Samsung Galaxy A90 5G review

Choosing 5G over photography

Samsung Galaxy A90 5G
(Image: © TechRadar)

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  • Android 9
  • Looks good and runs well
  • Bixby is present but easy to ignore

The Samsung Galaxy A90 5G runs Android 9 and Samsung’s One UI version 1.5. This isn’t the latest Android release, but the custom interface adds some of its own bits of the new software anyway.

Dark mode is the most obvious. This turns white menu pages dark, and Samsung suggests you might want to use it at night.

In other ways the Samsung Galaxy A90 5G software strays away from the norms of Android. Its app drawer is arranged in pages rather than as a single scroll, and by default the phone fits fewer app icons on the screen.

(Image credit: TechRadar)

You can change the app icon layout to make better use of the big screen, and we recommend you do so, but the app drawer can’t be changed. Make sure you’re fine with Samsung’s approach before joining team Galaxy.

We don’t think there’s otherwise too much to dislike here. Samsung’s interface is one of the better-looking around and it seems to run well, no doubt because a lot of work has gone into making phones like the Galaxy Note 10 Plus run well. They have similar software and hardware.

Bixby is the most maligned part of the Samsung software these days. It’s a voice assistant, an alternative to the Google Assistant that is less smart but can be used to control some more elements inside the phone.

(Image credit: TechRadar)

Bixby can turn features on and off, and run apps. There’s also Bixby Home, a home screen feed similar to those you may have seen in your previous phones. It is packed with widget-like panels for both Samsung apps and third-party ones like Spotify.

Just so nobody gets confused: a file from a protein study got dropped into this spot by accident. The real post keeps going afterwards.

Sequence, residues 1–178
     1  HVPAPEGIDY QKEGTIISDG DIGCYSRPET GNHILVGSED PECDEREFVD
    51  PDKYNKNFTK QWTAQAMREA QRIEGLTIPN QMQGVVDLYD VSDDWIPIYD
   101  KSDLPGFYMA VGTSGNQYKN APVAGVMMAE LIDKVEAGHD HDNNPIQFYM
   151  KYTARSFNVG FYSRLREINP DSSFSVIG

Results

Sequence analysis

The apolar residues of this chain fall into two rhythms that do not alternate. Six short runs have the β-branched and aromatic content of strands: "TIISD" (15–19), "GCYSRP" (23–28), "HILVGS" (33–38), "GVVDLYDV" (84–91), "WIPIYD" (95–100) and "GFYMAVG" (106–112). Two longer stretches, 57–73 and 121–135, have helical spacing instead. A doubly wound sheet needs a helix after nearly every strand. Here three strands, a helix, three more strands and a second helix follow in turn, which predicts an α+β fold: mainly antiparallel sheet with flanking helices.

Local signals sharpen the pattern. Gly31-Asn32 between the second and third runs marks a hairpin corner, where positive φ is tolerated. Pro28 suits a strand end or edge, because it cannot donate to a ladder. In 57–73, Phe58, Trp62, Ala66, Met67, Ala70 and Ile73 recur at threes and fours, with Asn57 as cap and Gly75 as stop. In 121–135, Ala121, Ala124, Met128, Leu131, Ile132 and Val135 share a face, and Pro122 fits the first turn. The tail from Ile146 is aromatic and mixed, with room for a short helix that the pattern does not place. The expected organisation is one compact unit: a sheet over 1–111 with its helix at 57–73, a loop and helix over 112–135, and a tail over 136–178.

We don’t find it a particular draw or a reason to avoid a Samsung phone. After all, when you long press the home soft key, Google Assistant pops up just as it does on many other phones.

(Image credit: TechRadar)


  • High-end Snapdragon 855 chipset
  • 6GB of RAM 
  • 128GB of storage

The Samsung Galaxy A90 5G has the Snapdragon 855 chipset, also seen in the US versions of the Galaxy Note 10 and Samsung Galaxy S10.

Qualcomm has since released a newer version of this chipset, the Snapdragon 855 Plus, and a successor called the Snapdragon 865. However, the 855 Plus is only a half-generational up-clocked version and the A90 5G arrived way too early to use the Snapdragon 865.

Even using the 855 makes the Samsung Galaxy A90 5G easily the most powerful of the A-series phones. This phone had to use the processor too, in order to have 5G. Phones with genuine mid-range processors and 5G still haven't arrived at the time of writing.

Such a powerful chipset means there are no nasty surprises to the Samsung Galaxy A90 5G’s performance. It scores 8,718 points in Geekbench 4 (2,246 per core), very similar to the top S10-series phones.

(Image credit: TechRadar)

Movies and games

  • Relatively weak mono speaker
  • Big bold screen is great for video and games

Every game we tried also runs perfectly, just as they do on virtually every phone with the Snapdragon 855. Feed the Samsung Galaxy A90 5G as many console conversions and high-end mobile exclusives as you like. It won’t trip up.

The phone has 6GB of RAM, 2GB less than the base model Galaxy S10. However, we have not noticed any big knocks to day-to-day use. Google itself clearly thinks 6GB is enough for Android, using that amount in both the Pixel 4 and Pixel 4 XL.

Its large screen is also excellent for streaming YouTube and Netflix. However, there’s only a single speaker at the bottom. You do not get stereo sound with a Galaxy A90 5G.

Speaker quality is not great at the price either. While we have listened to dozens of hours of podcasts on this phone happily enough, it doesn’t have the lower-end punch of Samsung’s best.

Andrew Williams

Andrew is a freelance journalist and has been writing and editing for some of the UK's top tech and lifestyle publications including TrustedReviews, Stuff, T3, TechRadar, Lifehacker and others.